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Landini, Gregory. Wittgenstein's Apprenticeship with Russell.

LANDINI, Gregory. Wittgenstein's Apprenticeship with Russell. New York: Cambridge University Press, 2007. xi + 300 pp. Cloth, $90.00.--This book makes a very interesting, if provocative, contribution to the history of analytic philosophy. The author's thesis is that the standard interpretation of Wittgenstein's Tractatus (first published in 1921), that it is primarily a criticism of Russell's philosophy, is erroneous. Appealing to many of Russell's unpublished manuscripts, Landini argues that the consensus reading of Wittgenstein's Tractatus as a critique of Russell's ideas is based on a misreading of Russell's overall project, and attributes to Russell ideas he did not hold. In particular, Landini argues that Russell's Principia Mathematica (1910-13) "does not embrace a ramified type-hierarchy of entities. Principia offers a type-free ontology of universals, particulars, and facts. Its type theory is a scaffolding built into its use of structured variables--a scaffolding which emulates the fundamental laws of a type- and order-regimented theory of attributes and thereby emulates a type-theory of classes and relations-in-extension." He further holds that Principia offers a recursive definition of "truth," which assumes that the facts are truth-markers, and the universals inhering in them are logically independent of each other. These discoveries, the author argues, require a new interpretation of the Tractatus.

The early chapters (1-3) are devoted to elaborating these claims and to demonstrating that two theses widely attributed to the early Russell are false: i) that in Principia (co-authored with Whitehead), Russell advanced a ramified type-theory of entities, and ii) that Russell's logical atomism is a form of reductive empiricism. Rather controversially, the author claims that Russell's logical atomism does not involve ontological reduction to known epistemic entities, but retains the structures (for example, logical forms) given by the laws of the traditional ontological framework (just as Maxwell's equations for electromagnetic waves in the aether are retained by Einstein's no aether-theory of relativity). Landini provides a detailed, technical defense of this view, based on a meticulous reading of Russell's published and unpublished work, arguing that initially Russell sought to exclude logic and mathematics from his logical atomism, but eventually concluded (mistakenly) that they too must succumb, and this drove him to naturalism in psychology and Humeanism in epistemology.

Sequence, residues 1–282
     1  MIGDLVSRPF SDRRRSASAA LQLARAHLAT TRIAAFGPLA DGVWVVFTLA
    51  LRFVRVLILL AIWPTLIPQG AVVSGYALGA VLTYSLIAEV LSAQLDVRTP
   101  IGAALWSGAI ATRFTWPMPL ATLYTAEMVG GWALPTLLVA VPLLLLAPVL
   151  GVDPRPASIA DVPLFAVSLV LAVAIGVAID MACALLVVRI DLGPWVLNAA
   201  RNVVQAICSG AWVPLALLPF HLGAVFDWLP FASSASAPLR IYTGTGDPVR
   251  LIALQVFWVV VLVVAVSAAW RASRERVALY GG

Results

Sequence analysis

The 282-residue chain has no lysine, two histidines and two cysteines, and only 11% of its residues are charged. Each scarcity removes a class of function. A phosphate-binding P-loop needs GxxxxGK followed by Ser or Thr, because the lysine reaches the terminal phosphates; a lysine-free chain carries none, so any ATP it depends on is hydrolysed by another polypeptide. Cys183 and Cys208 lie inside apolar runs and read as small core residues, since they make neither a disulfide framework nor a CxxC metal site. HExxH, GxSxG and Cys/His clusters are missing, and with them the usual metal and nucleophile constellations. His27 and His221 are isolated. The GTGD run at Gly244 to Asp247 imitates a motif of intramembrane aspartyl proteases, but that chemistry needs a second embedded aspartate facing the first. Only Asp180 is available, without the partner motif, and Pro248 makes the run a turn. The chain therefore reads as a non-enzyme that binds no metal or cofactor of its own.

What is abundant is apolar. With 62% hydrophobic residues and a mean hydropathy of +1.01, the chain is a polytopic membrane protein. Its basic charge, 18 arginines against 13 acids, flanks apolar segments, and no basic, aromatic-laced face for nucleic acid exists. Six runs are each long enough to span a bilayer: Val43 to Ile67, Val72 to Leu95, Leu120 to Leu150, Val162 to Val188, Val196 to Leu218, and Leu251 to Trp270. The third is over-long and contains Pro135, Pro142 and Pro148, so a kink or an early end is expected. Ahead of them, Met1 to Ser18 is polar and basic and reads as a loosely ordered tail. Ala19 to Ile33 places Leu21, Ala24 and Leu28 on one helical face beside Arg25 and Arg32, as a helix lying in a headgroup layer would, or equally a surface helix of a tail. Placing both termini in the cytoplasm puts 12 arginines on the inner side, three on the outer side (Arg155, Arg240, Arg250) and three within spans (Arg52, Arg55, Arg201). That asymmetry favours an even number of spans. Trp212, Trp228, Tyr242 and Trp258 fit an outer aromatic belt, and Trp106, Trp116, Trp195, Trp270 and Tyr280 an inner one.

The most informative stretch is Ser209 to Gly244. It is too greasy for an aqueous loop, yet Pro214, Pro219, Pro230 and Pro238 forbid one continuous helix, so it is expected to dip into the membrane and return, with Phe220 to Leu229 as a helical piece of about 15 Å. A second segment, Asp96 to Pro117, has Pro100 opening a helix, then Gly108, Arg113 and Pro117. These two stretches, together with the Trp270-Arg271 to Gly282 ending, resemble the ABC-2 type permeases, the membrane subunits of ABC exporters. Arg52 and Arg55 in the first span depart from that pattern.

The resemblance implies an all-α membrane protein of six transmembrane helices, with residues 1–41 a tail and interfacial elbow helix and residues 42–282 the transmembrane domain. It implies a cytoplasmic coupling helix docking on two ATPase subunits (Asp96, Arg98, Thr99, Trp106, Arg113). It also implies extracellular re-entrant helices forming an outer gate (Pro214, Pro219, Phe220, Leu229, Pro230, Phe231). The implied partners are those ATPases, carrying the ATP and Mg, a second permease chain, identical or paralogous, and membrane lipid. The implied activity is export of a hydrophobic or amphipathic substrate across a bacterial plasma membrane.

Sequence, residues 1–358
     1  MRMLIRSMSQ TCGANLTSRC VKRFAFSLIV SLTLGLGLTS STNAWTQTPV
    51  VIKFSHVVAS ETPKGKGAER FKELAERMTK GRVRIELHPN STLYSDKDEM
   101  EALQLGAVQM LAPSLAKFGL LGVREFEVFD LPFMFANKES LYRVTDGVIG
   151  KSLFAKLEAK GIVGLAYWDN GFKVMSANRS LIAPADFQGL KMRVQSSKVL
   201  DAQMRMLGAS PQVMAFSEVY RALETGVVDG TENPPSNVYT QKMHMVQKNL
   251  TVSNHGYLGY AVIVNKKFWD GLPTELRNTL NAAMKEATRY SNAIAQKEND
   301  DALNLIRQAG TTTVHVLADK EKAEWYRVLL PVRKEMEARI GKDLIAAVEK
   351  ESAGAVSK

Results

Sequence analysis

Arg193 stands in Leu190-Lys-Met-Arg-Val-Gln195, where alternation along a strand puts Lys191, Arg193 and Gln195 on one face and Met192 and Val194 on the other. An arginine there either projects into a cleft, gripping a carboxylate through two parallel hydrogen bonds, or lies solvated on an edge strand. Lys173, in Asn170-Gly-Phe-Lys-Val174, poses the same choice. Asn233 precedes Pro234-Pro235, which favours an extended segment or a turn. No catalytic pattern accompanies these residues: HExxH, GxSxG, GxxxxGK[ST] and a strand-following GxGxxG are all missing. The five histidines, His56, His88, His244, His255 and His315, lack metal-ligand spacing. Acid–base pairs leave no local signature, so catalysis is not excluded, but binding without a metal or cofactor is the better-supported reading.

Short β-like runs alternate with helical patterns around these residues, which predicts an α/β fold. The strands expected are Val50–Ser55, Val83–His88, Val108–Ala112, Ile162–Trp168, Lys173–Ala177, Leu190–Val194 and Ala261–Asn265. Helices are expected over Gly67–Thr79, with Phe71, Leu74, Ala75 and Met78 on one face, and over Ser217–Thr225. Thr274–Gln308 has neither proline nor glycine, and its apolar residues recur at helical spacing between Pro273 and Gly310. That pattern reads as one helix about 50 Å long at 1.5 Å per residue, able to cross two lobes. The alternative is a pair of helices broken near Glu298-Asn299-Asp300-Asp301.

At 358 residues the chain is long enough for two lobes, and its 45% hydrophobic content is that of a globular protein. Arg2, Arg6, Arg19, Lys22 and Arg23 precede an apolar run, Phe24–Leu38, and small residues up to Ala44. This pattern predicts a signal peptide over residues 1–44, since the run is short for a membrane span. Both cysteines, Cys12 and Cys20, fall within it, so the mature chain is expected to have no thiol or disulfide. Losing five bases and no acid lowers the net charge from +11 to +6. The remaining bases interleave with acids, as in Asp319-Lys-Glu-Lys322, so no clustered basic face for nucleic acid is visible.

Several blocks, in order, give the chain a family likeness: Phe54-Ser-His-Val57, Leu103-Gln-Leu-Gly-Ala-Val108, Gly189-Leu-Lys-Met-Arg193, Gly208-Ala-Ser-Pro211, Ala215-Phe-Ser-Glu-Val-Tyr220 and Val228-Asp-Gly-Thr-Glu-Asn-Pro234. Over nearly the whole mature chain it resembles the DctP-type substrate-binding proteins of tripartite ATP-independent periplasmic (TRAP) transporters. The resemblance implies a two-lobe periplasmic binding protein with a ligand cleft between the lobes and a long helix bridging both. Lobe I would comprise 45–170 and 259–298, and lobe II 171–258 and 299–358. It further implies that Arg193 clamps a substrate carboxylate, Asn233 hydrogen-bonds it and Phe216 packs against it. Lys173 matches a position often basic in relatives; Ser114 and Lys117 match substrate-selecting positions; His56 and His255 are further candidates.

Landini applies this rereading of Russell to Wittgenstein, arguing that the Tractatus is really about how to extend and perfect logical atomism (Russell's eliminativistic program for a scientific philosophy based on an analysis of logical form). He holds that Wittgenstein's doctrine of Showing is only a radical form of Russell's eliminativism, and carefully discusses the differences between Wittgenstein and Russell over this notion (chapter 4); he notes also that Wittgenstein did not invent the truth-tables; instead, they may have been invented by Eugen Muller. Chapter 5 is a discussion and comparison of the views of Russell, Frege, and Wittgenstein on logicism (the thesis that mathematics is reducible to logic), and other topics in the philosophy of logic, such as the nature of identity, number, and arithmetic, with Landini offering his own critical commentary on how to solve some of the logical paradoxes. Chapter 6 provides an analysis of the second edition of Principia (1925), which was heavily influenced by the Tractatus. The author alludes throughout to Wittgenstein's idea of the ladder as a metaphor for going beyond issues in logic to the realm of the mystical, as a way of realizing that logic can only take us so far to what is really important; yet he does not pursue this notion adequately. Perhaps this is too much to expect from this type of study, though the ladder metaphor would apply to the analysis in this book as well!

Landini tells us that, despite the attempts by Russell, Wittgenstein and others, the moral of his fascinating trip through twentieth century logic is that all necessity is logical necessity, and that "logic and knowledge of logic cannot be submitted to a naturalistic or eliminativistic analysis of any kind. Logical atomism depends on the view that logic and mathematics have nothing whatever to do with human conventions, practices or psychology." This is because knowledge of logic is always presupposed in any account of the nature of logic. Russell's original logical atomism avoided this problem of circularity and reduction by exempting logic and knowledge from eliminativistic reconstruction, but Wittgenstein can be read as unabashedly embracing these difficulties.

It is refreshing to see a major study of logic facing up to the (metaphysical) problems raised by the philosophy of logic, rather than ignoring them or pretending that they are easily solved, but one would have liked more discussion of what these metaphysical problems imply about the nature of reality. Although the book overall is very technical, and would benefit from more summary comment throughout, anybody interested in Russell, Wittgenstein, and related thinkers such as Carnap and Frege, as well as in the history of logic, cannot afford to ignore this important, thorough study.--Brendan Sweetman, Rockhurst University.
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Author:Sweetman, Brendan
Publication:The Review of Metaphysics
Article Type:Book review
Date:Mar 1, 2012
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